Implementing SSL on Amazon S3 Static Websites

Since this post was written, Amazon has launched AWS Certificate Manager, which provides certificates at no cost and substantially simplifies managing them for use in the AWS context. We recommend that readers investigate the AWS Certificate Manager product before following the guidance in this post.

Every day, more and more websites are serving their pages using HTTPS. This can lead to warnings or complete failures when those sites want to embed content from other sites. Until recently, that included embedding work created with Knight Lab's TimelineJS and StoryMapJS. We recently implemented HTTPS to solve this problem, but it was less straightforward than we would have liked. Hopefully this guide will help others who are trying to do the same.

Background

Many of Knight Lab's sites, including the CDN which serves our publishing tools, are served as static websites using Amazon's S3 service. Amazon S3 has always supported SSL using the s3.amazon.com domain name (e.g., https://s3.amazonaws.com/cdn.knightlab.com/libs/timeline/latest/embed/index.html). However, using that means that if we ever wanted to switch away from Amazon for the service, pages using those URLs would break.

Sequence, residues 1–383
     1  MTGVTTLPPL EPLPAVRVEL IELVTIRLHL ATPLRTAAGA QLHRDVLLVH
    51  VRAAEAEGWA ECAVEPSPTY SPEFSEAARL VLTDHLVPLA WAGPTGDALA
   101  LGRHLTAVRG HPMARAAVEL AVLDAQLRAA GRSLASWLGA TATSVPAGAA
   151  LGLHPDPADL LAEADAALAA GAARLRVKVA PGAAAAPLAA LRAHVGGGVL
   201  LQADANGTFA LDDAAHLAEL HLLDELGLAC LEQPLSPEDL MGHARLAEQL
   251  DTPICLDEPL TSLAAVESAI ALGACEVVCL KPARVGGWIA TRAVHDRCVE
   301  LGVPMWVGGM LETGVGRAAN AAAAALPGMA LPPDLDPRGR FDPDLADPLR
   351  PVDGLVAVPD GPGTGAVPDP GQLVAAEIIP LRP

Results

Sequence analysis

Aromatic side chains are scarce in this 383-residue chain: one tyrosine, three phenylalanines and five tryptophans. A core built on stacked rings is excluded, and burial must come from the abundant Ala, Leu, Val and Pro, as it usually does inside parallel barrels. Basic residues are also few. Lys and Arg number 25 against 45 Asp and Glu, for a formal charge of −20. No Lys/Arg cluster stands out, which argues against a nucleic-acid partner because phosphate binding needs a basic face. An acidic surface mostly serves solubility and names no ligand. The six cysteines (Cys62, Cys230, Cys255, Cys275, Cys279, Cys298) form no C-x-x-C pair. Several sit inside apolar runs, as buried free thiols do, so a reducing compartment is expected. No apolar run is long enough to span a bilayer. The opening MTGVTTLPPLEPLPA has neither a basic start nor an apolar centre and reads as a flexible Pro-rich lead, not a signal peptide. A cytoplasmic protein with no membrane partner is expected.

It would be better to use a custom domain name — to serve pages from https://cdn.knightlab.com — so that we could move that service if we ever want to. Until recently, setting this up involved a $600/month fee for a dedicated IP address. Last year, Amazon added the ability to use your own SSL certificates with Amazon CloudFront at no additional charge with Server Name Indication (SNI). While Amazon's guides to SSL for S3 mention that SNI is not universally supported in browsers, it is so widely supported that we saw no reason for concern.

Making it happen

There are five basic steps. Some of them get a little involved.

  1. Obtain an SSL certificate
  2. Upload your SSL certificate
  3. Configure your S3 bucket
  4. Create a CloudFront "Web" distribution
  5. Point your domain name to the CloudFront domain name.

Obtain an SSL certificate

Some of these details will vary based on the certificate authority you choose for your SSL certificate. Generally, the cost for certificates varies based on the strength of encryption and the lengths to which the authority goes to verify details about the organization making the request. Since we don't conduct e-commerce or handle highly sensitive data, we chose a relatively inexpensive option: we purchased a PostiveSSL Wildcard SSL certificate from Namecheap. ("Wildcard" means we can use a single certificate to secure multiple knightlab.com subdomain names.)